Additional information can be found in our Capillary Column Installation Guide
Can I inject acids or bases onto my polysiloxane column? Will they damage the column?
Samples or standards within a pH range of 5 < sample < 9 should not damage a capillary column. Repeated injections of samples with a pH between 4 and 5, or between 9 and 10, might cause column damage. Samples with a pH < 4 or > 10 should be diluted or neutralized before injection, as they will damage a column.
What are all those different temperatures listed in your catalog for each column?
All Restek columns have published minimum and maximum operating temperatures that establish the working range for the stationary phase. Note that these ranges vary with the thickness of the coating.
How do I condition my GC column?
See our article, How to Condition a New Capillary GC Column.
Can I order a capillary column in a column cage to fit my small GC oven?
Yes. We offer several special small cage options for non-standard and portable GC ovens. Please contact our customer service department at (800)356-1688, ext. 3, to order these special configurations.
- To order a Restek column in a 5-inch cage for an Agilent 6850 instrument, add the suffix -6850 to the catalog number for the column.
- To order an MXT column with a 3 1/2" OD, add the suffix -273 to the catalog number of the column.
What types of guard columns do you offer, and how are they deactivated?
Restek offers fused silica guard columns and transfer lines ranging from 0.025mm ID to 0.53mm ID, from 1 to 10 meters long. Fused silica guard columns are available with intermediate polarity or polar deactivation, and with several specialty deactivations, including base deactivation, Hydroguard deactivation, and Siltek treatment. Passivated stainless steel (MXT) guard columns are also available in 0.28mm ID or 0.53mm ID, with intermediate polarity or Hydroguard deactivation for our MXT columns.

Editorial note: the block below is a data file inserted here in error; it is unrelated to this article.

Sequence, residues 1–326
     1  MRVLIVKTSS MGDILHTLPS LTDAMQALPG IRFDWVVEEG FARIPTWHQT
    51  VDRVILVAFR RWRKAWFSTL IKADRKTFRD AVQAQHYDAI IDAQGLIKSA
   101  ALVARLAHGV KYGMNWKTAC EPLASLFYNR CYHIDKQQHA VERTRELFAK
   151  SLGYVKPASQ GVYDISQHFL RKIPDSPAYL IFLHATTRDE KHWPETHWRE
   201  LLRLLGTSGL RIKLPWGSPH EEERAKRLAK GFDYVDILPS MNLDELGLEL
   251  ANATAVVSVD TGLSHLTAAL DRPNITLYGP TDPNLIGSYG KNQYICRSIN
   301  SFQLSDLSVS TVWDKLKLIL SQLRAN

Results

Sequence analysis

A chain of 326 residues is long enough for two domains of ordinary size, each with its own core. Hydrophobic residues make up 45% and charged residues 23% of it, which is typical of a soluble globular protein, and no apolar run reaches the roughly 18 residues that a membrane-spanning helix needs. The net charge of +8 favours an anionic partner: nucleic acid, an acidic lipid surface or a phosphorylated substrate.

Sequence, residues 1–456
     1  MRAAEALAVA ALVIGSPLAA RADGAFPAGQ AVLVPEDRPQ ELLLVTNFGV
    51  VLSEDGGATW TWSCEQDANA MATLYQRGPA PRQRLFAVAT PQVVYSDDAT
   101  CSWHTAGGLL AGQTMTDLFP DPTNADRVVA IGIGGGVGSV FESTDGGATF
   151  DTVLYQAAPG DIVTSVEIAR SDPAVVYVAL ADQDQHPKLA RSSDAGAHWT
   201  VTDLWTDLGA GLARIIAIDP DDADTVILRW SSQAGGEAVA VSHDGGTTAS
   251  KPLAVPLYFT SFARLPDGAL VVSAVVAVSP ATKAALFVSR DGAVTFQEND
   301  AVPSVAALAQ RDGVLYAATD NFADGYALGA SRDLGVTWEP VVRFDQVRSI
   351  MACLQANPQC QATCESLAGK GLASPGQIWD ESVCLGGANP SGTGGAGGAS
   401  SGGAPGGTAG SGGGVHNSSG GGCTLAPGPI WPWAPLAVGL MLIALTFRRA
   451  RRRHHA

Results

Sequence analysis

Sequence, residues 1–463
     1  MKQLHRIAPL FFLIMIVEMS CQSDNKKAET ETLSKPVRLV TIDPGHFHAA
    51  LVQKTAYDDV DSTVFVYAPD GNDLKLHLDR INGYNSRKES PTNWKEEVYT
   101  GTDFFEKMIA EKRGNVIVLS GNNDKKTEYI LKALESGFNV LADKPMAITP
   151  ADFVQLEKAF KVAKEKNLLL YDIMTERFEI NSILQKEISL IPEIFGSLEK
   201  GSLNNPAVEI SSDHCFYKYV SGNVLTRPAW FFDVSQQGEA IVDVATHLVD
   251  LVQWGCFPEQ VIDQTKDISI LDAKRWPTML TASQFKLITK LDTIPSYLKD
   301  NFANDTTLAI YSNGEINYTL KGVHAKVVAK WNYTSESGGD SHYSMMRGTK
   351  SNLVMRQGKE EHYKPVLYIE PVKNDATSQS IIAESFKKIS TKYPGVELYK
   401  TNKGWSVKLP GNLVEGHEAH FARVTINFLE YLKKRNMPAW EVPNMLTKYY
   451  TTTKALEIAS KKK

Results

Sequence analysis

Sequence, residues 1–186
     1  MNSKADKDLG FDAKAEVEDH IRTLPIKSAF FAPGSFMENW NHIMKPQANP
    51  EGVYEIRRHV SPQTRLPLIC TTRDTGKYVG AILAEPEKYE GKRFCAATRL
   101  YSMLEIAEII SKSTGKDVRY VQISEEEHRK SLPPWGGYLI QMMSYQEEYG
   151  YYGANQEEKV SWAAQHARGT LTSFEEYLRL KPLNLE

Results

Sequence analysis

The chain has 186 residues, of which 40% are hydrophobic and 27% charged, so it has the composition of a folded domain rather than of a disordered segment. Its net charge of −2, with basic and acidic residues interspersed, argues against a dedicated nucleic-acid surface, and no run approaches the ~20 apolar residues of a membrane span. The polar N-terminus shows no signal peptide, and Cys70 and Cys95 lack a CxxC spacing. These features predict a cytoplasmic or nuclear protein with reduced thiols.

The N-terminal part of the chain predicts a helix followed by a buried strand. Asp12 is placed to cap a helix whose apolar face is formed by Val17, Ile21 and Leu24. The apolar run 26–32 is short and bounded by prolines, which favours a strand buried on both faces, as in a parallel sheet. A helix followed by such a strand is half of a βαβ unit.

Are fused silica (FS) capillary columns superior to MXT stainless steel columns? If so, why?
Because fused silica tubing has a smoother interior surface than stainless steel, fused silica columns might offer slightly higher efficiencies for phase films of less than approximately 1 micron. For film thicknesses greater than 1 micron, there will be very little difference in efficiency between fused silica columns and MXT columns.
How do I know which GC guard column would be best for my application?
- In most applications in which nonpolar to moderately polar solvents are used; we recommend an intermediate-polarity (IP) deactivated guard column (available in fused silica or MXT).
- For most polar solvents, we generally suggest a polar deactivated guard column.
- For applications that require a highly inert surface to minimize analyte breakdown, such as pesticides analysis, we recommend Rxi guard columns.
- For amines or other basic compounds, we offer base-deactivated guard columns.
- For several of our common stationary phases, we offer Integra-Guard columns: analytical columns with integral guard columns that eliminate the mechanical connection between the guard column and the analytical column.
What column do I need for the analysis of my sample?
Restek offers a wide variety of capillary, packed, and HPLC columns. There are several good ways to select the most appropriate column for a particular analysis. First, search for applications containing the target compounds. Another excellent resource is our current general catalog, which contains hundreds of applications. Finally, call Restek’s technical support team at (800)356-1688, ext. 4, or contact your Restek representative to discuss the analysis. Our dedicated team will be happy to suggest a column and conditions.